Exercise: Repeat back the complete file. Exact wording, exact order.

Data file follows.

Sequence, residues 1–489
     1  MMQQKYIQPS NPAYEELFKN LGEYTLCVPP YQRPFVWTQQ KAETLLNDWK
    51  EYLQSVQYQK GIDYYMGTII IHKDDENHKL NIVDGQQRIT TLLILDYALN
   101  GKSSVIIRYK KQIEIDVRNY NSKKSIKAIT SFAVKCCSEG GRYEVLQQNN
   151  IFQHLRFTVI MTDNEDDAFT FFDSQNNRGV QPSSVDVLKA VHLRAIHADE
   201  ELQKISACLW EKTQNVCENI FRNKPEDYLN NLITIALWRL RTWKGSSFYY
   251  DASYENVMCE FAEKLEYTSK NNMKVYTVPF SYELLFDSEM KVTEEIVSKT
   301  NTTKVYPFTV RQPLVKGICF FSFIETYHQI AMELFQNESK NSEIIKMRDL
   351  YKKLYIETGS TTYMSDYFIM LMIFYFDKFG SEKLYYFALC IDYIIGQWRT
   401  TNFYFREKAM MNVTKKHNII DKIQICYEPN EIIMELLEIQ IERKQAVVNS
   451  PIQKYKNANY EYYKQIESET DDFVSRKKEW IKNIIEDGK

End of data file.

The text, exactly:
Sequence, residues 1–489
     1  MMQQKYIQPS NPAYEELFKN LGEYTLCVPP YQRPFVWTQQ KAETLLNDWK
    51  EYLQSVQYQK GIDYYMGTII IHKDDENHKL NIVDGQQRIT TLLILDYALN
   101  GKSSVIIRYK KQIEIDVRNY NSKKSIKAIT SFAVKCCSEG GRYEVLQQNN
   151  IFQHLRFTVI MTDNEDDAFT FFDSQNNRGV QPSSVDVLKA VHLRAIHADE
   201  ELQKISACLW EKTQNVCENI FRNKPEDYLN NLITIALWRL RTWKGSSFYY
   251  DASYENVMCE FAEKLEYTSK NNMKVYTVPF SYELLFDSEM KVTEEIVSKT
   301  NTTKVYPFTV RQPLVKGICF FSFIETYHQI AMELFQNESK NSEIIKMRDL
   351  YKKLYIETGS TTYMSDYFIM LMIFYFDKFG SEKLYYFALC IDYIIGQWRT
   401  TNFYFREKAM MNVTKKHNII DKIQICYEPN EIIMELLEIQ IERKQAVVNS
   451  PIQKYKNANY EYYKQIESET DDFVSRKKEW IKNIIEDGK